Family Must Be a Part of the Solution in Closing the Achievement Gap
By Darling, Sharon
As American students began a new school year, the debate continued about how to close the achievement gap and what effect the summer break has on learning. Some believe creating more school programs that separate low-income children from their parents (having school year-round) will solve many of the problems these students have, but studies show this approach is neither a short- term nor a longterm remedy. Paul von Hippel (2007), author of an Ohio State study released recently and research statistician in sociology, found students in year-round schools do not learn more than their peers in traditional nine-month schools. Students in year- round schools learn more during the summer, when others are on vacation, but they seem to learn less than other children during the rest of the year. The effective and lasting solution is promoting intergenerational learning that builds a partnership between parents and educators. For the past twenty years, I have been carrying in my briefcase a study by noted economist Andrew Sum and urban poverty expert Gordon Berlin. In their 1988 study, “Toward a More Perfect Union: Basic Skills, Poor Families and our Economic Future,” they outlined two underlying causes for the achievement gap-summer vacation and a mother’s education. In their study, which included findings from other research, they found that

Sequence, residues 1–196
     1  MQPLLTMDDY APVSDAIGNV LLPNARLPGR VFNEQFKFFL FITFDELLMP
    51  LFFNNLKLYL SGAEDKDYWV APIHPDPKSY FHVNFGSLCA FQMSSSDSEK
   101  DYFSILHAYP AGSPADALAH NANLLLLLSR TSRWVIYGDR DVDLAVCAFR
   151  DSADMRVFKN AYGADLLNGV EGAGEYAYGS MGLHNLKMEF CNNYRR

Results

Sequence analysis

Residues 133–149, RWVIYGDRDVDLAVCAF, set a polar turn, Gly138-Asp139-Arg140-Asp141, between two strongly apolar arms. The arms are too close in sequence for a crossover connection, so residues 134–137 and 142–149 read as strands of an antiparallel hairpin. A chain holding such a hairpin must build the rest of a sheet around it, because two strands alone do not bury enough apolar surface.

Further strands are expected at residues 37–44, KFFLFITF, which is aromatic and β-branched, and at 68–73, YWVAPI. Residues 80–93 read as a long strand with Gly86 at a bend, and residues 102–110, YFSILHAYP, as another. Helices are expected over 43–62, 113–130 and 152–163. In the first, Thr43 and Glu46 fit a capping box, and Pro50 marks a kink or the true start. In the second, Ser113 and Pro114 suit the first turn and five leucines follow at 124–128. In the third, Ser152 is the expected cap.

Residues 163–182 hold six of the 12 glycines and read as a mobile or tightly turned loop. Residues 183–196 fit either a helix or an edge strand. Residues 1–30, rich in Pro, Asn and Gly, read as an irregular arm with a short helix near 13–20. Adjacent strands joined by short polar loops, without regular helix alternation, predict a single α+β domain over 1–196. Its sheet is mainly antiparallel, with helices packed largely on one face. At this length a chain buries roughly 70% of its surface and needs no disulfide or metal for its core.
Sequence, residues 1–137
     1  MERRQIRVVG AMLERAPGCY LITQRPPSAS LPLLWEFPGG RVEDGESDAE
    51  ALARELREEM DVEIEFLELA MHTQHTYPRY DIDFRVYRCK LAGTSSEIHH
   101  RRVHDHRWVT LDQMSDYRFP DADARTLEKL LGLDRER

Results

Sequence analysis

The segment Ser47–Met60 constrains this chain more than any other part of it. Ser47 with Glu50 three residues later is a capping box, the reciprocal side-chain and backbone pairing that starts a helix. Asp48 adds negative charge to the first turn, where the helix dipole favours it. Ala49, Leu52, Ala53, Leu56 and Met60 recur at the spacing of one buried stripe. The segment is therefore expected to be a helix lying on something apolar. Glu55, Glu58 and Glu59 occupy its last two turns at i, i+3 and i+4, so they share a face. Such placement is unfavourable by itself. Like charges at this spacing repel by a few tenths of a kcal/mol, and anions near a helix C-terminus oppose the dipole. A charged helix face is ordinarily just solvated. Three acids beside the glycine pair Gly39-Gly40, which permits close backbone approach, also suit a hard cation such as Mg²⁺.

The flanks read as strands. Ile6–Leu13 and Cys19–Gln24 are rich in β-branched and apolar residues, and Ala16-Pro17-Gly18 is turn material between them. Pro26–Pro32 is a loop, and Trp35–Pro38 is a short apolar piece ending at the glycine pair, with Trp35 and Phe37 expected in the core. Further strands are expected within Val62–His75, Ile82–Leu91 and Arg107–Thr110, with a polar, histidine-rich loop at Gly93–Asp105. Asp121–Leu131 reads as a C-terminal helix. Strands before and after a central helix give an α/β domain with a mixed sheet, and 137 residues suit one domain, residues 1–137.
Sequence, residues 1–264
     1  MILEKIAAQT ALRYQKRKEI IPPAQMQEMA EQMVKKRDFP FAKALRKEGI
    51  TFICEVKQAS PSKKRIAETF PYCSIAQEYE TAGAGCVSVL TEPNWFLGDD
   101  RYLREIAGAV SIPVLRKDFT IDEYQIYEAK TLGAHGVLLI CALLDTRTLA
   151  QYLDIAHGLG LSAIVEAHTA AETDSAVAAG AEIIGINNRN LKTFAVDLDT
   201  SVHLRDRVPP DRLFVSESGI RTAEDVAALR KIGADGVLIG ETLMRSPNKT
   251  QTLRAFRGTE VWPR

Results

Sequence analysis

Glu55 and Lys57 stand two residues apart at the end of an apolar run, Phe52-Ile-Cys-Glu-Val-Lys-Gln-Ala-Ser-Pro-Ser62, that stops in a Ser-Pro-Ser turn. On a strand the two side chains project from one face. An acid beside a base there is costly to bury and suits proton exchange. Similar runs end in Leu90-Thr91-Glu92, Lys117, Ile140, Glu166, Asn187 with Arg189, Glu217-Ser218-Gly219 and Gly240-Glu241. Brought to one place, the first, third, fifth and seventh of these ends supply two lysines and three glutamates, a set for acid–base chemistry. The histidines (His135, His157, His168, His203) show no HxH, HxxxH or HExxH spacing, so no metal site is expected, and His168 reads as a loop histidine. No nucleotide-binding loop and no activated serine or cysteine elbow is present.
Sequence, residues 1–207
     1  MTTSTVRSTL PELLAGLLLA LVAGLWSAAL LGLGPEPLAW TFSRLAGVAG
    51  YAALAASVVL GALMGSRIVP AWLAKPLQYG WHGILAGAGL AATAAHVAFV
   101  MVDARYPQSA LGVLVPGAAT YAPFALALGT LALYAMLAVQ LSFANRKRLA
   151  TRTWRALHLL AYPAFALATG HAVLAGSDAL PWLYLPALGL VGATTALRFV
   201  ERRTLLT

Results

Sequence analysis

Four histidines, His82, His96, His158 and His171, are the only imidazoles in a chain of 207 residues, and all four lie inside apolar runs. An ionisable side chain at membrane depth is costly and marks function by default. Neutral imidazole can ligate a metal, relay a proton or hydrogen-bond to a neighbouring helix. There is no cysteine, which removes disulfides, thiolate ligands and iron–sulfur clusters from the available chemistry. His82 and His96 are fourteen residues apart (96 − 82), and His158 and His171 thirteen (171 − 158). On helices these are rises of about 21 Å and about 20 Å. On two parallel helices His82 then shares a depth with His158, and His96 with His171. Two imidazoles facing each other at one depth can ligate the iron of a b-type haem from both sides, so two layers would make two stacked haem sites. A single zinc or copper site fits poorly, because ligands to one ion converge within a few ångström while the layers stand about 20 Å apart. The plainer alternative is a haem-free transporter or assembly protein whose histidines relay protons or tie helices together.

[w]hen school is in session, advantaged and disadvantaged children learn at about the same rate. But during the summer months when schools are closed, home and peer influences reassert themselves. At the end of the summer, advantaged children actually score higher on a standardized test than they did when the summer started while disadvantaged children fall further behind. (38)
In addition, Sum and Taggart (as ctd. in Berlin and Sum 1988, 36) reported “that an extra grade attainment for the mother . . . was associated with an extra half grade of achievement for her children.” Even if she returned to school later in life, a mother’s education gains resulted in measurable academic improvements for her children. Berlin and Sum concluded,